Archives for posts with tag: ROI

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Yesterday, we introduced you to a handful of new features involving common data sources like Twitter, Pinterest, Flickr and Yelp! You guys seemed to like that, so we figured that we should also mention – for those of you who haven’t worked with the enterprise version of our product – that Tickr can be made to work with data from pretty much any source you want.

In other words, if news sites, blogs and social media feeds aren’t enough, you can feed Tickr whatever else you want to. It can be internal data like sales numbers and volume of phone calls into customer support. It can be marketing-specific metrics like share of voice, web traffic, conversions and  even Klout scores. You can basically plug anything you want into Tickr and plot it on a timeline.

Let’s look at three examples of what that looks like. First, here is a basic version of what a purely quantitative custom Tickr screen:

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Note: the above example is just a mock-up to illustrate the functionality. The data isn’t real. You can also go watch a live version of it here so you see how it behaves. (Most of the tabs and links have been deactivated but you’ll get the idea.) The point is to help you visualize what Tickr can do outside of the standard functionality that you are probably used to. Think comparative analytics, data correlation, market intelligence, product line comparisons, competitor monitoring, and so on. Your imagination is the limit.

If you prefer a mix of qualitative and quantitative data, you can build your report to look more like this:

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You can go see the live version of that mock-up here. Same thing as before: the data isn’t real and some of the functionality has been turned off. It’s just an illustration of what Tickr can do with a mix of standard and custom data.

In this example, pay particular attention to the tab titled Correlation Score (in green). If you’ve ever tried to map ROI paths along a timeline, guess what: Tickr can do that. (Note: if you want to, we can talk about how to properly measure ROI in a future post. It’s an important topic and we can definitely help you with that too.)

The screenshot below looks a little more like the Tickr overview screen you are used to, but if you look carefully, you will notice that it is a quantitative/qualitative custom configuration that combines news, stocks, unit sales and Tweets along a common timeline. As always, the timeline is completely searchable.

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If you are an executive team, a PR firm or a CEO working on a big announcement (like a major government contract, a much anticipated new product release, a major acquisition or a quarterly earnings report,) having the ability to simultaneously monitor mentions of your brand in the news and social channels and see in real time the impact that this event is having on leads, website visits, sales and even stock price, is pretty powerful. (Sorry… long sentence.) The point is that Tickr lets you do that. We’re a lot more than just a handy monitoring platform.

If you have any questions about any of this, don’t hesitate to contact our customer support team. If you don’t feel like being quite that formal, it’s okay to approach us on Facebook and on Twitter. That’s what we’re there for.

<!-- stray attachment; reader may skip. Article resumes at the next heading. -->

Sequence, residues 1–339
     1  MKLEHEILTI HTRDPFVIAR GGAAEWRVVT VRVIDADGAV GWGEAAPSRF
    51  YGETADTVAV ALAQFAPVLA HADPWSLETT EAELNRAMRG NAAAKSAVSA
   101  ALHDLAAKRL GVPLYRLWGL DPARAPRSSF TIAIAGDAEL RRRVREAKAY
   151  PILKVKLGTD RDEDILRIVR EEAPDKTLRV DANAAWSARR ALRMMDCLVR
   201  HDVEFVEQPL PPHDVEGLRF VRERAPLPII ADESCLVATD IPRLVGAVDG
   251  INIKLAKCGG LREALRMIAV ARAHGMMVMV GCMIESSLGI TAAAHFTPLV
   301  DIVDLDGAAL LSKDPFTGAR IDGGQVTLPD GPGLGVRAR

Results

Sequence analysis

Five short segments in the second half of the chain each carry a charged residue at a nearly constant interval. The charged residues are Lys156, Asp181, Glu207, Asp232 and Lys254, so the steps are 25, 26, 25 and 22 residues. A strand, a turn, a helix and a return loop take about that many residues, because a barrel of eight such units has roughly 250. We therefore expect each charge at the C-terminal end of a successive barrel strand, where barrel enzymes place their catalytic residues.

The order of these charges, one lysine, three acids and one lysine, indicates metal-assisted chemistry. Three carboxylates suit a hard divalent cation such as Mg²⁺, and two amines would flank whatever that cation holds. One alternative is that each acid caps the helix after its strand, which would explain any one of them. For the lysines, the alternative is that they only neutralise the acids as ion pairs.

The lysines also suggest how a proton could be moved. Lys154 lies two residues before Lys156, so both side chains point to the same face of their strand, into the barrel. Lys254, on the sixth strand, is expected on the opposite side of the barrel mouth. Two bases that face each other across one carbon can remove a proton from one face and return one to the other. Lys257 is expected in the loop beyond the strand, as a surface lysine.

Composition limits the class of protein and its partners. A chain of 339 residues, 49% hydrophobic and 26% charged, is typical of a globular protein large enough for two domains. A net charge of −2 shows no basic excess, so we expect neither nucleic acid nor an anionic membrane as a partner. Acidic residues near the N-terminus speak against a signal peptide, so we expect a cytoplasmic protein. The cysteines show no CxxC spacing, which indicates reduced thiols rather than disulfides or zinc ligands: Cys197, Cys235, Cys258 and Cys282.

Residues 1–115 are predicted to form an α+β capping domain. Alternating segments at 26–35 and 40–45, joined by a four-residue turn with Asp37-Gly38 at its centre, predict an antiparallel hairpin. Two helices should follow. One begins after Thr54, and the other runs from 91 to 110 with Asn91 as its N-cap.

Until we chat again, we hope we’ve given you a lot to think about.

Cheers,

The Tickr Team.

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While we have your attention, be sure to enter our Command Center beta/contest (going on right now):

The categories are non-profitjournalism, and for-profit.

The way it works is simple: 1) Sign up. 2) Enjoy free access to Command Center. 3) Submit a brief case study or summary of how you used Command Center before mid-March.

Make it as simple as you want. It doesn’t have to be fancy. The most creative and/or interesting case studies/summaries will win. That’s it. We even have prizes and everything! So sign up here and have fun playing with Command Center.

 

Eloqua recently published the above infographic to highlight certain key elements of a study they conducted with B2B companies in regards to social media. We gloss through our share of data and infographics here at Tickr, but this one caught our eye for several reasons. The first is that it focuses on B2B, and that is always a plus in our book. Most of the studies being done on social business focus on B2C organizations, and folks who work in B2B tend to get the short end of the stick when it comes to running into solid case studies and informative data about social business in B2B. So before we go any further, let’s give Eloqua a hand for doing this. (And doing it well.)

Second, the study doesn’t stick to just asking the usual questions. It manages to dig a little further than most and get to actionable insights. That’s what we like to see. (data is nice, but if you can’t really use it to do something better, faster, cheaper or smarter, what’s the point?) The first thing that caught our eye wasn’t that 34% of B2B companies STILL don’t use social media or that 83% of social media use is aimed at “increasing awareness.” (We’ll come back to that.) No, what first caught our attention was this: 26% of respondents said PR/communications owned social and 11% said the web team owned it. Remove that 37% of PR/Communications/Web, and you’re left with 63% of something else. Though the report states that only 23% of companies surveyed stated that social is being shared by departments, our hunch is that the number is far higher than that. This is good news.